A clean, tested, maintainable Push interpreter written in Clojure.
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"Certainly not! I didn't build a machine to solve ridiculous crossword puzzles! That's hack work, not Great Art! Just give it a topic, any topic, as difficult as you like..."

Klapaucius thought, and thought some more. Finally he nodded and said: "Very well. Let's have a love poem, lyrical, pastoral, and expressed in the language of pure mathematics. Tensor algebra mainly, with a little topology and higher calculus, if need be. But with feeling, you understand, and in the cybernetic spirit."

"Love and tensor algebra?" Have you taken leave of your senses?" Trurl began, but stopped, for his electronic bard was already declaiming....

(From Lem's The Cyberiad. Non-Polish speakers may appreciate this recording of correct pronunciation of the character's name, kindly provided by Krzysztof Krawiec and colleagues.)

Project website

Clojars Project

Docs are getting finished up now at the project website.


This library includes a clean, fully tested, extensible and maintainable Push language interpreter. Push is a simple and robust programming language designed to be evolved rather than hand-composed by human programmers, which originated in the Hampshire College Computational Intelligence Lab. You may have run across it by way of Lee Spector's Clojush project.

This is however only a Push interpreter. It does not "do genetic programming"; you still have to do that part yourself. But it does give you stable, extensible access to a very large vocabulary of Push types and instructions.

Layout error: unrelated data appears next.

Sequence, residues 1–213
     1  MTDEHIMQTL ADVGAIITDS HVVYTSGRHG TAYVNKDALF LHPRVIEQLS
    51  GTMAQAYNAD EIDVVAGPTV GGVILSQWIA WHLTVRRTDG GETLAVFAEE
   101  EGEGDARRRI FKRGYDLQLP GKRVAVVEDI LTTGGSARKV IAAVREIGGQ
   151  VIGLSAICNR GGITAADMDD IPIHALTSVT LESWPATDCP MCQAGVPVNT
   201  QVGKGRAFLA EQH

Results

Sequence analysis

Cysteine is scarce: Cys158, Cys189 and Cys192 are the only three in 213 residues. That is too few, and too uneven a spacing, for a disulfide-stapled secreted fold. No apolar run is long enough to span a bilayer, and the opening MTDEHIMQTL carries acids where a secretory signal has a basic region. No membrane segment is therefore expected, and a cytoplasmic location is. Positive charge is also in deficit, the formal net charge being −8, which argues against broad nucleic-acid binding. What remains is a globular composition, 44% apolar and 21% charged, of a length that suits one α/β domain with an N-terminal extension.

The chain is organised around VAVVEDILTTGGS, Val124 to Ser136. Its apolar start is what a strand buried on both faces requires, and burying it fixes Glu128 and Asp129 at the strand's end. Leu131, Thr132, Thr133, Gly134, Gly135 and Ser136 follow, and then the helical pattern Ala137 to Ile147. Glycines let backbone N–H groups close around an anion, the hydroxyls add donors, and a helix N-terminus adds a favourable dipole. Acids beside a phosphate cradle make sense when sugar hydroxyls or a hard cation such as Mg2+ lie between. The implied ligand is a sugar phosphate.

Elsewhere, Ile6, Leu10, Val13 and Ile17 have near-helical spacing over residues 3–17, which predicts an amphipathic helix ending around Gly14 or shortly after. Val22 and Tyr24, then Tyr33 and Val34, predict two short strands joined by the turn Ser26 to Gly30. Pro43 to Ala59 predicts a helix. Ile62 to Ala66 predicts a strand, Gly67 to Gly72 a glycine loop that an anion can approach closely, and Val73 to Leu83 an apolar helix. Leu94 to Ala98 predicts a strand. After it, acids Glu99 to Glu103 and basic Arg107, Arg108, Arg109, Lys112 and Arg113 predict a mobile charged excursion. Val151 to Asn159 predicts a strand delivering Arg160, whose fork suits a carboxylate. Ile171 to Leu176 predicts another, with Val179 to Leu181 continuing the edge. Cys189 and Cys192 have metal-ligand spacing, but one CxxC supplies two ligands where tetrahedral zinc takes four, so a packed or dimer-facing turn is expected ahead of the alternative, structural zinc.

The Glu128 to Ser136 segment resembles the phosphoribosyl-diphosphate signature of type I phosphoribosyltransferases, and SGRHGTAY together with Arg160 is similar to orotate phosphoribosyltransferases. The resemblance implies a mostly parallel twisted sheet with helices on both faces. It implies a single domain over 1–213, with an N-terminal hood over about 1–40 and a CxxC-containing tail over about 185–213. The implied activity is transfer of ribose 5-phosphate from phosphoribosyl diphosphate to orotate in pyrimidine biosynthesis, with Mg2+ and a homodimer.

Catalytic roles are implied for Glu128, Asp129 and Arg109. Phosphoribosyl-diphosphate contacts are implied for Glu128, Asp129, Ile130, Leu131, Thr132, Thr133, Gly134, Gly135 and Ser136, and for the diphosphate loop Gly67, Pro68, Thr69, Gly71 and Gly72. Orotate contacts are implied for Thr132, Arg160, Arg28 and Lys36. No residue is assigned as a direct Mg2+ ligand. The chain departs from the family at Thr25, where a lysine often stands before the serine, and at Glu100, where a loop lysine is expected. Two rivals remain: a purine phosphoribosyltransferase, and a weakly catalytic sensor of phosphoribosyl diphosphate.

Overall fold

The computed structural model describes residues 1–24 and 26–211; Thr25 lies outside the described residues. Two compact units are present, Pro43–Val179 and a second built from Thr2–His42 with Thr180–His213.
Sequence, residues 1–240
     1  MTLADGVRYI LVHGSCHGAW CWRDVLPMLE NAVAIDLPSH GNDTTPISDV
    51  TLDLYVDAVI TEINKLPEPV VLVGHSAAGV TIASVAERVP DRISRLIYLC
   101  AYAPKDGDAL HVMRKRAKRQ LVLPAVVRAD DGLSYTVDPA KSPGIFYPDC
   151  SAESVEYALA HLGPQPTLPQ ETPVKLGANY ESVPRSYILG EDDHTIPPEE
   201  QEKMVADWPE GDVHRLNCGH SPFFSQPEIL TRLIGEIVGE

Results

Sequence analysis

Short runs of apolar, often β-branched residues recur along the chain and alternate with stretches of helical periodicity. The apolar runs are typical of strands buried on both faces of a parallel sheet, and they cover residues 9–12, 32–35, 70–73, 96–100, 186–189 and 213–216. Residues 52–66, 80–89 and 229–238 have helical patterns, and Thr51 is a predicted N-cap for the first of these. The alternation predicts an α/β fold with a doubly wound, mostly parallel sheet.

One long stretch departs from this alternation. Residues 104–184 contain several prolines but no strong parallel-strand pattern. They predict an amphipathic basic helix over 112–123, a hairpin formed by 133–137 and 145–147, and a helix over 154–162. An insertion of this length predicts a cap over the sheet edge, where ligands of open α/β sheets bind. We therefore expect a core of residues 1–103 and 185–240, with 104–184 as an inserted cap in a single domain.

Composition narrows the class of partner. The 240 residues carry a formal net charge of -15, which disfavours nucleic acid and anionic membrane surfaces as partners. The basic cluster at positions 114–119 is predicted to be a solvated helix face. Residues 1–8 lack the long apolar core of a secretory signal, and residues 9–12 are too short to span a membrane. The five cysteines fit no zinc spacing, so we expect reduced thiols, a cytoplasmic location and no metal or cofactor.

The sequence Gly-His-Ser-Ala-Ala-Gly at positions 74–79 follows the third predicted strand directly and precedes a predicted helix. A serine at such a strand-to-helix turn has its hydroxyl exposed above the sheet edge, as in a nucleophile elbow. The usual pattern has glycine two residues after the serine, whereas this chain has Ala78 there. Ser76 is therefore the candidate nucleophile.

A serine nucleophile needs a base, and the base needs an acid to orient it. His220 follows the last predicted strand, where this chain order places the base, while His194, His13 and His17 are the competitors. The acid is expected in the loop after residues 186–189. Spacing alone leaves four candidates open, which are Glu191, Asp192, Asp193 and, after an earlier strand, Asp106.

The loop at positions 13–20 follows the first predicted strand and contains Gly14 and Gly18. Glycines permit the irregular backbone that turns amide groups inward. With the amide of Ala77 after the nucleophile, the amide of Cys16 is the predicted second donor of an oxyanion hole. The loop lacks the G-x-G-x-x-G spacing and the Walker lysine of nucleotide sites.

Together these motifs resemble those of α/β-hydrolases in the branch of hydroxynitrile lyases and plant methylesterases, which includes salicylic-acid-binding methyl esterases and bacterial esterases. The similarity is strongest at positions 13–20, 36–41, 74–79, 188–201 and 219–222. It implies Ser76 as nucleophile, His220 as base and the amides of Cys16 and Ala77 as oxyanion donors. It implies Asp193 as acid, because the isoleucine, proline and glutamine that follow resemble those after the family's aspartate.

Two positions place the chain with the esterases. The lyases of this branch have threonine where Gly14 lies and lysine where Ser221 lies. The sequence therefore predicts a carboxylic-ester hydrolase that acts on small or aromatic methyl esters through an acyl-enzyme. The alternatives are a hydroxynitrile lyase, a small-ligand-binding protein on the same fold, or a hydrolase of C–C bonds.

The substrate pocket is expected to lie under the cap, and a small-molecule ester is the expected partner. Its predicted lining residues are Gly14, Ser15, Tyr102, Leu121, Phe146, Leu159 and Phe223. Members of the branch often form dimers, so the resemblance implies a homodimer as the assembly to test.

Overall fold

The project is written in Clojure 1.9.0, and depends heavily on Midje for testing.

Using the library

Project status

Initial feature implementation is nearly done. The interpreter handles 100% of the Clojush Push dialect (as of 2015), plus nearly a dozen additional types and hundreds of additional instructions.

Versioning is currently arbitrary and very low-valued, but will become semantic after the initial features set is done. At the moment, basic functionality and usability are still my main concern, and I am adding types and large-scale features that are almost always "breaking" with every incremental release. As a result, the version will remain 0.1.X for the near future, with SNAPSHOT releases capturing bug fixes, refactorings, documentation updates and general prep for "real" initial release.

Thus: klapaucius "0.1.28-SNAPSHOT" includes a fully working interpreter, but is undergoing rapid expansion. While the current version is rigorously tested, substantial deep architectural changes will be made leading up the 0.2 release. If you're going to work on it, please contact me during this great leap forward, and submit pull requests for small amounts of work in numerous git branches!


This project is open source and extremely complex, and I would like to be able to expand and support it. Please consider donating via PayPal.me, or supporting my work via Patreon if you find it useful or interesting!

Project dependencies

Using leiningen, add the following dependency to your project.clj

(defproject my-new-project "0.0.1-SNAPSHOT"
  :dependencies [[org.clojure/clojure "1.9.1"]
                 [klapaucius "0.1.XX"]
                 ;; ... your other dependencies here ...
  :profiles {:dev
              {:dependencies [[midje "1.9.1"]]}})
                            ;; ^^^^^ you need to be able to run the tests!


(ns my.fancy.namespace
  (:require [push.core :as push]
            [push.interpreter.core :as interpreter])

;; ...

(def runner
    :bindings {:speed 88.2 :burden 2 :african? false}))

(def my-push-program [1 :burden :scalar-add])

(def final-scalar-stack
    (push/run runner my-push-program 1000)

In the REPL

(assuming you've run lein repl from within your project directory, and you have the dependency mentioned above in project.clj)

user=> (require '[push.core :as push])
;; nil